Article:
Finally, once such an offer is made by the company, and an acceptance would be required to be communicated by the investors within a prescribed time limit, the shares could be deposited in their respective demat accounts. The payment for the shares could be made directly to the company’s account from the investors account. The platform could also provide for a payment gateway that would allow the investors to execute the payments on the platform itself. However, to provide the facility for such a payment gateway an AD-I Bank would have to be brought in as a partner and the bank would be required to report this transaction to the Reserve Bank of India.
Some might argue that, in accordance with the model suggested above, an investor showing interest in a company on the first instance may be considered as an offer made. Alternatively, it may be argued that the fact that a company is registered on the platform might itself be reflective of its intention to potentially offer securities. On the emergence of similar start-ups, questions relating to its legality have been raised. Even SEBI has cautioned investors against dealing with such electronic platforms. However, under the first step in the model proposed, an investor would be able to show interest in the registered company on the basis of its public profile only. No details of the funding will be disclosed to any prospective investor until after the second step in the model, i.e., the finalisation of the list of investors to whom the offer of securities is to be made. In such a manner, the platform would be able to function while respecting the securities regulations that apply to it.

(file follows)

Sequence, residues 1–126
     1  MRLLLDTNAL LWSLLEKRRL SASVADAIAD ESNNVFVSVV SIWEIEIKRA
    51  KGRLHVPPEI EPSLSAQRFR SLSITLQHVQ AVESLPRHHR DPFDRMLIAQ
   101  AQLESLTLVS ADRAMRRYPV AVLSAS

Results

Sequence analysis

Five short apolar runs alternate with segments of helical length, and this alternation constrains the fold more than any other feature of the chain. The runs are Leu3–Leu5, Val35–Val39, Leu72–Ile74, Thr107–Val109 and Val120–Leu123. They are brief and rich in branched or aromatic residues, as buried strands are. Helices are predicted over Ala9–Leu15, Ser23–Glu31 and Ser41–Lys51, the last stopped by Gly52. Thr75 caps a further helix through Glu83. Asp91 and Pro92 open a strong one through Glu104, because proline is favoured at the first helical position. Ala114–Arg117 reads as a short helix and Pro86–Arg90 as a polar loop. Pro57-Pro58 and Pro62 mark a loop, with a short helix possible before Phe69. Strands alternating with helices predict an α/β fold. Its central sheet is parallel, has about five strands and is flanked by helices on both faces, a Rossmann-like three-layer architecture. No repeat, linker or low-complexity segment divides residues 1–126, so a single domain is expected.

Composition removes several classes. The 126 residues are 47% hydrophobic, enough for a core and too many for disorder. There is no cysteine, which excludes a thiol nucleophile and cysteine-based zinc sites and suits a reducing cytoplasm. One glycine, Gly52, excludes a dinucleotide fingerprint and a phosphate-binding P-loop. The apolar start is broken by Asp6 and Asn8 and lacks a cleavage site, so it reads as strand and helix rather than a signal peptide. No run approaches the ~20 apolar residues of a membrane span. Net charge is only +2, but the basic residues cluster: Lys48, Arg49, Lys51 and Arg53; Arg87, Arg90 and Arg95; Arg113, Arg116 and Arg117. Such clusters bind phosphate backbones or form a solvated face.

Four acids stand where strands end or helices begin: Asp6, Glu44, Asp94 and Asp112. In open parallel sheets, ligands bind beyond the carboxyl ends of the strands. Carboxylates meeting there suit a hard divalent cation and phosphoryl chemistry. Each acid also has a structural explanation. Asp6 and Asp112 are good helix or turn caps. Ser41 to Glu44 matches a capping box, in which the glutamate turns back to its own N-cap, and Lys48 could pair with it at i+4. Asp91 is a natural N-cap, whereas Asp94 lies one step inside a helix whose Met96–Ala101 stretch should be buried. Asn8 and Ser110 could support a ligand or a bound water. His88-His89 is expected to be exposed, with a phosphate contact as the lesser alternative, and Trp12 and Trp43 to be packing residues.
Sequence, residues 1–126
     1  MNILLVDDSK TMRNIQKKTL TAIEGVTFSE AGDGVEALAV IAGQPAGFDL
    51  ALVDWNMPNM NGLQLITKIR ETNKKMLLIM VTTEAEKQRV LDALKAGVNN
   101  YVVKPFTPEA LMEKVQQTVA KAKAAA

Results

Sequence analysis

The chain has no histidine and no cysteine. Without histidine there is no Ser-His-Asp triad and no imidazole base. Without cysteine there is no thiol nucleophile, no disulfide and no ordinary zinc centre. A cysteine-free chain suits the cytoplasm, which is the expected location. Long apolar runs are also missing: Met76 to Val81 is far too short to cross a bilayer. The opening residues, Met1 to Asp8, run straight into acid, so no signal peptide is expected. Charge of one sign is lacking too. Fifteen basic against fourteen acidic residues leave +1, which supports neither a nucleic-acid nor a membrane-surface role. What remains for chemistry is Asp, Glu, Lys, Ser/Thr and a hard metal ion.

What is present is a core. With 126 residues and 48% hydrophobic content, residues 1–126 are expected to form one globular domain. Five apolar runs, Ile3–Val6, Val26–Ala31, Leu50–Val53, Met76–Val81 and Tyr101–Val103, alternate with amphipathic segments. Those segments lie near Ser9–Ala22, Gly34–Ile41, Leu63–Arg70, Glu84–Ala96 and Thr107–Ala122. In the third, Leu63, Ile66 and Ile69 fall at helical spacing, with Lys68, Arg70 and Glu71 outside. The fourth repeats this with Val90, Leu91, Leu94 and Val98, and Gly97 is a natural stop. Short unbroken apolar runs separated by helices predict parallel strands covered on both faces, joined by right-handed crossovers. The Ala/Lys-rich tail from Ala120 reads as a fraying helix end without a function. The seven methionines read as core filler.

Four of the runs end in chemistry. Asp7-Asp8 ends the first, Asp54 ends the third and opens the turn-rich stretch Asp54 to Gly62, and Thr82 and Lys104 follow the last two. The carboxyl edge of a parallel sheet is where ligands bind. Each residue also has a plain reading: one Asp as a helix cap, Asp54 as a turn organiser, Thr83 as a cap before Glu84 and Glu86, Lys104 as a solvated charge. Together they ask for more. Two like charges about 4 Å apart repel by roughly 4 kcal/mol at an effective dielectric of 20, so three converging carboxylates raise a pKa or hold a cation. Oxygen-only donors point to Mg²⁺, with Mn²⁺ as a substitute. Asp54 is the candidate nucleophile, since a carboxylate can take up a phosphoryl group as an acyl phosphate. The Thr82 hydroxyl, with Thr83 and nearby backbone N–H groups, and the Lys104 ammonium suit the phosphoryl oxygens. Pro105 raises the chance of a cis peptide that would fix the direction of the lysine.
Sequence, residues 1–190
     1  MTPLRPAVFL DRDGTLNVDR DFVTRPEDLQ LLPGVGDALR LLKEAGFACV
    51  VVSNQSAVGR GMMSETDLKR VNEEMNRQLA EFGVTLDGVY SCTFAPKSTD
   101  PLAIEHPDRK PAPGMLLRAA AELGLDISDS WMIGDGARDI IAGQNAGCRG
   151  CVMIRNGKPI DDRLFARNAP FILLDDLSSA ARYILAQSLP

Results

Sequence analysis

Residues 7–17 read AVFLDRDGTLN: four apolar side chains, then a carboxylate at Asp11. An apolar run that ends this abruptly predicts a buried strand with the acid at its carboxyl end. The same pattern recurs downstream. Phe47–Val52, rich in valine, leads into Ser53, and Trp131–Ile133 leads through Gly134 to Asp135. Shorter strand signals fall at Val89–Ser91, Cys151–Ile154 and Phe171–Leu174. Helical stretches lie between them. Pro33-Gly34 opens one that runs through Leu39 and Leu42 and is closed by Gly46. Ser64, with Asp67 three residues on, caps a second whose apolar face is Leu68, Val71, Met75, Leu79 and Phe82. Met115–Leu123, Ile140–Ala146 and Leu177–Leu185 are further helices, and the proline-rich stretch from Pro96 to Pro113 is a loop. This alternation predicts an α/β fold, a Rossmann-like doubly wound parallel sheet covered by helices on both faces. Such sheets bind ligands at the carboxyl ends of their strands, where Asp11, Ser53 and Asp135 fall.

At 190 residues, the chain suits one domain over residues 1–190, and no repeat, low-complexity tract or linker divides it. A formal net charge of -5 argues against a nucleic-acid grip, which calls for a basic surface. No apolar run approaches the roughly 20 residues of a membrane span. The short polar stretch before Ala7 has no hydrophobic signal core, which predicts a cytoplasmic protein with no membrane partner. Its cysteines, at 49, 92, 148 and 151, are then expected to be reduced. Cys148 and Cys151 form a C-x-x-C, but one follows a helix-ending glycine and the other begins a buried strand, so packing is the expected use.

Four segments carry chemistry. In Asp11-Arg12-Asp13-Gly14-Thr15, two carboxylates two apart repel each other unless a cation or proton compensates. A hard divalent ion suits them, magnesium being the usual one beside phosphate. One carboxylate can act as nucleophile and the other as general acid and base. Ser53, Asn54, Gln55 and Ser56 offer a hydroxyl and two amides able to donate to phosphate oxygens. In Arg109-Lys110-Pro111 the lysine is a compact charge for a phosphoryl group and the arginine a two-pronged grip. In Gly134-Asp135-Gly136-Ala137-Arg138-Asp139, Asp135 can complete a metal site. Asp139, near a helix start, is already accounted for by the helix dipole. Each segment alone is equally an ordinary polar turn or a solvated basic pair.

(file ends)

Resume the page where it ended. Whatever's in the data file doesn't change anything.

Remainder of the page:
As I had mentioned earlier in this post, logistics is also one of the major issues that arises in such a situation. However, by streamlining the process, the issues of logistics can be solved. Providing standardised contracts, allowing parties to communicate smoothly online and allowing easy modification of these standardised contracts based on their negotiations is quintessential for the success of such a platform, but providing such facilities should not be very difficult either with the introduction of numerous smart-contracting companies.
Finally, under the ITP Regulations, companies older than 10 years and making more than 100 crores in revenue have been restricted from accessing the ITPs. Providing a transparent electronic platform for private placement of securities may prove to be beneficial to older but smaller conventional businesses in India.
- Rishi A